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Author Topic:   Is it moral for God to punish us?
Greatest I am
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Posts: 1382
Joined: 01-24-2007


Message 106 of 145 (772116)
11-06-2015 10:46 AM
Reply to: Message 104 by kbertsche
11-06-2015 12:47 AM


kbertsche

"The voting and suppression that you mention were post-Constantine, so were fourth century. This is much later. The four canonical gospels had already been distributed, read, and accepted for 200 yers by this time."

So the council of Nicaea decided nothing in particular. Ok.

If they were accepted as you say, then why did all that scripture burning and murder of those who did not like those 4 gospels happen at all?

And if there were no other gospels, why bother forcing the literal interpretation of the 4?

If only 4, what are these other gospels?

https://en.wikipedia.org/wiki/List_of_Gospels

Here is history and not the fantasy you follow.

https://www.youtube.com/watch?v=oR02ciandvg&feature=BFa&l...

Regards
DL


This message is a reply to:
 Message 104 by kbertsche, posted 11-06-2015 12:47 AM kbertsche has not yet responded

Replies to this message:
 Message 107 by NoNukes, posted 11-06-2015 1:28 PM Greatest I am has responded

    
NoNukes
Member
Posts: 9429
From: Central NC USA
Joined: 08-13-2010
Member Rating: 2.8


Message 107 of 145 (772119)
11-06-2015 1:28 PM
Reply to: Message 106 by Greatest I am
11-06-2015 10:46 AM


"The voting and suppression that you mention were post-Constantine, so were fourth century. This is much later. The four canonical gospels had already been distributed, read, and accepted for 200 yers by this time."

So the council of Nicaea decided nothing in particular. Ok

That is not what was claimed. What was said was that all of the gospels other than the four accepted ones were written later. You've cited a list of gospels. All that is left is to point to ones that meet the time requirement. Why not do that?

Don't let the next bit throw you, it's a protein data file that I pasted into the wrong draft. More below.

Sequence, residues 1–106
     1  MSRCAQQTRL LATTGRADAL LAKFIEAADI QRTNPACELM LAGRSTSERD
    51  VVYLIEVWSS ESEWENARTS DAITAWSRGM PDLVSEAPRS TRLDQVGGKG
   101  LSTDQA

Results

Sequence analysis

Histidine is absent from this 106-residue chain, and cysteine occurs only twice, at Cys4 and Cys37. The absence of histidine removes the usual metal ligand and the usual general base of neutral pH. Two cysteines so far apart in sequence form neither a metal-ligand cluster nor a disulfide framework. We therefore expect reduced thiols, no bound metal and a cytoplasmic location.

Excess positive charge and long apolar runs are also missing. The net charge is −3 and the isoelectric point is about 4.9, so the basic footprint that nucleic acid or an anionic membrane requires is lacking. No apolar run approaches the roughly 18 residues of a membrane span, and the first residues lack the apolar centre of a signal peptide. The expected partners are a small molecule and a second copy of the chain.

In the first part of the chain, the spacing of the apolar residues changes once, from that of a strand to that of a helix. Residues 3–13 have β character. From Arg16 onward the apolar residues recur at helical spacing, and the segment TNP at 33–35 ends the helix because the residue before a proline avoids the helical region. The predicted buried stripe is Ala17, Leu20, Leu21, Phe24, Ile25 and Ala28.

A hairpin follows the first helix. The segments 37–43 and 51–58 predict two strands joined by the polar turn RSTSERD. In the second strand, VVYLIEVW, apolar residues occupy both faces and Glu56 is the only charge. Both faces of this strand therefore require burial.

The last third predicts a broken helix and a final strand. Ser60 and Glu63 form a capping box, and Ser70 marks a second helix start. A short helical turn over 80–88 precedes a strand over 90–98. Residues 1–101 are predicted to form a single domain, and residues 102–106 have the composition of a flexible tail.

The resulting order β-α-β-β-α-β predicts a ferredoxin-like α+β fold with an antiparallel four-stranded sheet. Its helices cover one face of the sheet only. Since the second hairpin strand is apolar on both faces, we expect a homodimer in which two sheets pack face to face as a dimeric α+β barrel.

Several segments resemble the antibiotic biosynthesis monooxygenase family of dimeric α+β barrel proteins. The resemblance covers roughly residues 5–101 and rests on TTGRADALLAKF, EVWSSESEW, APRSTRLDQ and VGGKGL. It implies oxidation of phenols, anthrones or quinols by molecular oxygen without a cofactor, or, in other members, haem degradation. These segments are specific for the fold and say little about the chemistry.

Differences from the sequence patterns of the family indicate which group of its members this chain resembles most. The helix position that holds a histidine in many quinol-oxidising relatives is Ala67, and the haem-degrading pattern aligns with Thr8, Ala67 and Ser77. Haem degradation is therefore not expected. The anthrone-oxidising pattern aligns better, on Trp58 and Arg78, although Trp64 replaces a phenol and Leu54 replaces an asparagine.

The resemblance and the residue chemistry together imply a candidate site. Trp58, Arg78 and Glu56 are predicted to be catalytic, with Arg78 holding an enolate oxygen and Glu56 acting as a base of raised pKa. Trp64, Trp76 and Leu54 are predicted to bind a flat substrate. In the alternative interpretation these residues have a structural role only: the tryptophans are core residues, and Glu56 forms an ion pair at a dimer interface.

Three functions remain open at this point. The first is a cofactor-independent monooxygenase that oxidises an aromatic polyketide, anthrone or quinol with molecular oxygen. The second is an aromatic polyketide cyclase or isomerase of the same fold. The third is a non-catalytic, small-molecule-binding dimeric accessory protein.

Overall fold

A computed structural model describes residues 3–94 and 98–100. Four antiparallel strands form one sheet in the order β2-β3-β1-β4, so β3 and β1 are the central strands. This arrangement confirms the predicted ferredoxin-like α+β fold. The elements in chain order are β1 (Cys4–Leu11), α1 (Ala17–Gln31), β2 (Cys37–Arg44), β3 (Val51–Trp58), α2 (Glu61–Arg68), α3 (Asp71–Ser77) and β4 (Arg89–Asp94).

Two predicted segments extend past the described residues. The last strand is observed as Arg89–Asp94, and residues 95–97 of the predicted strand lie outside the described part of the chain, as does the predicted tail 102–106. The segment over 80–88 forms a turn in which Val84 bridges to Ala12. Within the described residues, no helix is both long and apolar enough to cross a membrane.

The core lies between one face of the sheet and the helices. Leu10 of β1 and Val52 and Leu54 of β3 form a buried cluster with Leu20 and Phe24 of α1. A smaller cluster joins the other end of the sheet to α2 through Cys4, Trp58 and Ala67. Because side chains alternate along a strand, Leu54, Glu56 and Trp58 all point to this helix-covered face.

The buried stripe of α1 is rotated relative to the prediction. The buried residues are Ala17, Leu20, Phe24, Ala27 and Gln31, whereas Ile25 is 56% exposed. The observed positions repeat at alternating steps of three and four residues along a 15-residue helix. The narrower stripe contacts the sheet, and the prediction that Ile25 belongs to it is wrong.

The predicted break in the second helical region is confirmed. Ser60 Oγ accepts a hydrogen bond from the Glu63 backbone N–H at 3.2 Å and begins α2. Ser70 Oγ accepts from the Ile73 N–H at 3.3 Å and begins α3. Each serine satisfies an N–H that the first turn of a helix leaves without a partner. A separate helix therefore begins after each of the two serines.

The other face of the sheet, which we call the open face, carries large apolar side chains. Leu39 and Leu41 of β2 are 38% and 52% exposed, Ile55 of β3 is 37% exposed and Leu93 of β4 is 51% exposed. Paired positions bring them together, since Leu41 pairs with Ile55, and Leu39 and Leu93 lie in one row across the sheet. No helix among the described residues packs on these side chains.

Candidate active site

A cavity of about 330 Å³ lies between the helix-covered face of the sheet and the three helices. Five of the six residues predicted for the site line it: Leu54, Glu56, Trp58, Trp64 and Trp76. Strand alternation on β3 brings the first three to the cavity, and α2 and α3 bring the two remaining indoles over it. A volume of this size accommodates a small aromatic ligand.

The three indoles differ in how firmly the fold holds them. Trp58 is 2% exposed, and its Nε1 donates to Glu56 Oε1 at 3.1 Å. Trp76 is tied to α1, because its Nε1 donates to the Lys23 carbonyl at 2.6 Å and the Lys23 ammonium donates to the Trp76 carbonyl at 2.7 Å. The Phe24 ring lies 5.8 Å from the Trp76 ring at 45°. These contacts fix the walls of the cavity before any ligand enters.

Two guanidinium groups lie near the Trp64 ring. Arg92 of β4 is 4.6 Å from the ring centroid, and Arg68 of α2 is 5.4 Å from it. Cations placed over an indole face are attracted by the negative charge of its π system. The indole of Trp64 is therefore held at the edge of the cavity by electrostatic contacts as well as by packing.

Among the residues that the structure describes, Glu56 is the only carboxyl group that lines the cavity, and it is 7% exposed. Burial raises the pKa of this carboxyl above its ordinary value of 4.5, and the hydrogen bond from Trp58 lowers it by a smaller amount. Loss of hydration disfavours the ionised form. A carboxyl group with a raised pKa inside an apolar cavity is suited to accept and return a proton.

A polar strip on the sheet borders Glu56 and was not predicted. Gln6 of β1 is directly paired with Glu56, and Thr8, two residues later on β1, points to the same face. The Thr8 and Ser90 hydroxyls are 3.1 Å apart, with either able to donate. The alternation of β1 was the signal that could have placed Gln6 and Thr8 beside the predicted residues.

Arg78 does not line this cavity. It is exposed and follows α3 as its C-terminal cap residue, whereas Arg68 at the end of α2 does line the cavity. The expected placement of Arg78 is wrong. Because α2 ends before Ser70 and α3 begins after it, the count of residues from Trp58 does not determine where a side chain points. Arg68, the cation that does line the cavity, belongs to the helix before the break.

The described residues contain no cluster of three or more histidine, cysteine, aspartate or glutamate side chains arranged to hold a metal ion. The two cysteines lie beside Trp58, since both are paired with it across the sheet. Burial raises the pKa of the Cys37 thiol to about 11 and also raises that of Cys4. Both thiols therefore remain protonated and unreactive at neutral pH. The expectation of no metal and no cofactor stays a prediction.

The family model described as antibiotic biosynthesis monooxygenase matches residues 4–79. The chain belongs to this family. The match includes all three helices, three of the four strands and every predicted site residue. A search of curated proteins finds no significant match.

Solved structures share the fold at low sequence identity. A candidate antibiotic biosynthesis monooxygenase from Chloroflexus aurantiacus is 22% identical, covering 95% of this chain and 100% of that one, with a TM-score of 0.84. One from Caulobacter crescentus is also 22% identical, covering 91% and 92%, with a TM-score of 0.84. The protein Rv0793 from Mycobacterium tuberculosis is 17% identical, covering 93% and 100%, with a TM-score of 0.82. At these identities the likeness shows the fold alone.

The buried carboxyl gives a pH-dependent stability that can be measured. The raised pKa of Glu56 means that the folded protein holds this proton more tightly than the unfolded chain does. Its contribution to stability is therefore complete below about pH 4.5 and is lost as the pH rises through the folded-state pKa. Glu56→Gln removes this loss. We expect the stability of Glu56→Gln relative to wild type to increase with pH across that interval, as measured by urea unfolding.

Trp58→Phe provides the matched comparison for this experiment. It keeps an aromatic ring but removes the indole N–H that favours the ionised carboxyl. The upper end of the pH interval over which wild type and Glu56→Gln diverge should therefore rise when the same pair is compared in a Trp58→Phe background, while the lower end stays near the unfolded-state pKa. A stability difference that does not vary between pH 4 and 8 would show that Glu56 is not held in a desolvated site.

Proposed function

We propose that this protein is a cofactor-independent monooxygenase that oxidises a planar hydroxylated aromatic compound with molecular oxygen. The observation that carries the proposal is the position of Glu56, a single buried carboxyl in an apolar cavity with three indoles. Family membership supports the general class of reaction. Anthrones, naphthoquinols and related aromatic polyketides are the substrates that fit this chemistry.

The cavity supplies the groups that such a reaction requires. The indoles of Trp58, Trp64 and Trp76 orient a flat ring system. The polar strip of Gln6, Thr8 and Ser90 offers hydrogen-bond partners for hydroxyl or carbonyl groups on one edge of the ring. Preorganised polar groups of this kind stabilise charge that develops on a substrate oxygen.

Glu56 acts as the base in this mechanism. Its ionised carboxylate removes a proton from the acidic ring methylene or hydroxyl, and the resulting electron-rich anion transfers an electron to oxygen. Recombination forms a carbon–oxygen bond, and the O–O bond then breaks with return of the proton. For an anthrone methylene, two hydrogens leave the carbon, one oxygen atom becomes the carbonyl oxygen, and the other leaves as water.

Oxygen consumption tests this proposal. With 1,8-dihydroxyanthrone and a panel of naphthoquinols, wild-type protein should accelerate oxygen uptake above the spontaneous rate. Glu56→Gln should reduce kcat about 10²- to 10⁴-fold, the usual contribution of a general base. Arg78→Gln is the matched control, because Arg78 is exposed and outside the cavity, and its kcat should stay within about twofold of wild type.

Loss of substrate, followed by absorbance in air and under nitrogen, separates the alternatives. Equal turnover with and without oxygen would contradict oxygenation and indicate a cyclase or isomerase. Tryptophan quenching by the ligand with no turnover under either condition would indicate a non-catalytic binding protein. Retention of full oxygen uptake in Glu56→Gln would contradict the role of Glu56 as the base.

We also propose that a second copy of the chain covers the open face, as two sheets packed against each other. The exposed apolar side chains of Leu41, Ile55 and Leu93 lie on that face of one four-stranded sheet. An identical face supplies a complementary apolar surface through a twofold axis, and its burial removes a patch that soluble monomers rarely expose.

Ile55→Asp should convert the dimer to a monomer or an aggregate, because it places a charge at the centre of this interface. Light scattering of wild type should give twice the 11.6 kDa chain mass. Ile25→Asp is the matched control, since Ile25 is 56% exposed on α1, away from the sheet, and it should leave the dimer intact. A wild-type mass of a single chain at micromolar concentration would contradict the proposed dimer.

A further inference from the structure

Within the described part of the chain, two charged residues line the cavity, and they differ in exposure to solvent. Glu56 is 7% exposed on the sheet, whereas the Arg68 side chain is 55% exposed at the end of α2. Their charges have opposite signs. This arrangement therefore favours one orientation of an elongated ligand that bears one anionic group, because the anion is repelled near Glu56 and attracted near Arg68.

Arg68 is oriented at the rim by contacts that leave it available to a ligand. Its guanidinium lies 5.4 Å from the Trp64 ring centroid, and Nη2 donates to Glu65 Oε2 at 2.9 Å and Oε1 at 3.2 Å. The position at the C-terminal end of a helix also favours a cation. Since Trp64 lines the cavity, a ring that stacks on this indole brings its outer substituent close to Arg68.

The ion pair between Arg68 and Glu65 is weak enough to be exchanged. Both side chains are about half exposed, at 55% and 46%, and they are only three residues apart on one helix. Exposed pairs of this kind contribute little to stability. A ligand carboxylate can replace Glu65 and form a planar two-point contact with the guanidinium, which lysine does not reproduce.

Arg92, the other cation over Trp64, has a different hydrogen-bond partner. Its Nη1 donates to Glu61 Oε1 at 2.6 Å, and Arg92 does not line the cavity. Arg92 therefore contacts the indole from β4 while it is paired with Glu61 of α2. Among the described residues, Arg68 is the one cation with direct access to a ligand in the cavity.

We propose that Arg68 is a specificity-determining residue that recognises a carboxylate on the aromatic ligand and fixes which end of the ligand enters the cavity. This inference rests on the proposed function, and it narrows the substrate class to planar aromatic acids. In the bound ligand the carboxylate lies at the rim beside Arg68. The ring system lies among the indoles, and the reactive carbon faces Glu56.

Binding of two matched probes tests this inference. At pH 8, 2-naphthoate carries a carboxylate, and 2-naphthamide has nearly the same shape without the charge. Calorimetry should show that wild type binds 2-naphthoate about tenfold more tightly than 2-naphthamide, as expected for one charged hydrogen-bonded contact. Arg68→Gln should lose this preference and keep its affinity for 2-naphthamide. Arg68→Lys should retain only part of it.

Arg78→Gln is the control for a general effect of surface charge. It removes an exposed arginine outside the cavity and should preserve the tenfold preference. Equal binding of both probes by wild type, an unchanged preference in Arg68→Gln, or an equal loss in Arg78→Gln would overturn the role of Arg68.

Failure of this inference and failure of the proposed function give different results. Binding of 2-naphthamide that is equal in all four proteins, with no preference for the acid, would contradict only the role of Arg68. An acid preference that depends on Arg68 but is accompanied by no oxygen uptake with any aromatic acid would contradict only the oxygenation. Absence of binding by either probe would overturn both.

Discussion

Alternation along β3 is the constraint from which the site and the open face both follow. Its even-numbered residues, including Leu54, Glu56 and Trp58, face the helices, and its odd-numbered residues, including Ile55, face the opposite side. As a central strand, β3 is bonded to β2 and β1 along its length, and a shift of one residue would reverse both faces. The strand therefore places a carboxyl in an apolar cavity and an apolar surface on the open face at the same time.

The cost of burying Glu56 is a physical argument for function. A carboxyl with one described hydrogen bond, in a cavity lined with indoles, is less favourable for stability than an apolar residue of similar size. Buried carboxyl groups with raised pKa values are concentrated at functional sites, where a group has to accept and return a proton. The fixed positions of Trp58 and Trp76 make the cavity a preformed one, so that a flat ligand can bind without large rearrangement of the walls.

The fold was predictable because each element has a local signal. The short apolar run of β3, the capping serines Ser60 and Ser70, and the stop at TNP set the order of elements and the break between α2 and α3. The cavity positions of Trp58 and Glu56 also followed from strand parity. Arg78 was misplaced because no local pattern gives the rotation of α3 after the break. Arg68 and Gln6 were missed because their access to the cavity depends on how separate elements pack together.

Under a government which imprisons any unjustly, the true place for a just man is also in prison. Thoreau: Civil Disobedience (1846)

History will have to record that the greatest tragedy of this period of social transition was not the strident clamor of the bad people, but the appalling silence of the good people. Martin Luther King

If there are no stupid questions, then what kind of questions do stupid people ask? Do they get smart just in time to ask questions? Scott Adams


This message is a reply to:
 Message 106 by Greatest I am, posted 11-06-2015 10:46 AM Greatest I am has responded

Replies to this message:
 Message 112 by Greatest I am, posted 11-06-2015 6:33 PM NoNukes has responded

    
kbertsche
Member
Posts: 1359
From: San Jose, CA, USA
Joined: 05-10-2007
Member Rating: 4.2


Message 108 of 145 (772120)
11-06-2015 2:20 PM
Reply to: Message 105 by PaulK
11-06-2015 7:34 AM


PaulK writes:

Luke 1:1 talks of many accounts - which can hardly be true if the author knew only of Mark and Matthew (and he may not have known Matthew). We have fragments of the Oxyrnchus 1224 and Egerton Gospels, which have similar dates, and are otherwise unknown. The idea that only the canonical four existed by the early 2nd Century is rather unlikely to be true.


You raise a good point about Luke 1:1. Was Luke referring to Q? To other collections of sayings? It's hard to tell, but this would be interesting to try to understand.

It's possible that a few of the gnostic "gospels" were written before the early second century, but I believe that most were written in the late second century or after.

Dr A has mentioned the Gospel of Mary. Wikipedia has some interesting things to say about this:

quote:

Although the work is popularly known as the Gospel of Mary, it is not canonical nor is it technically classed as a gospel by scholastic consensus.
...
Most scholars agree that the original gospel was written in Greek sometime during the 2nd century. However, Hollis Professor of Divinity Karen King at Harvard Divinity School suggests that it was written during the time of Christ.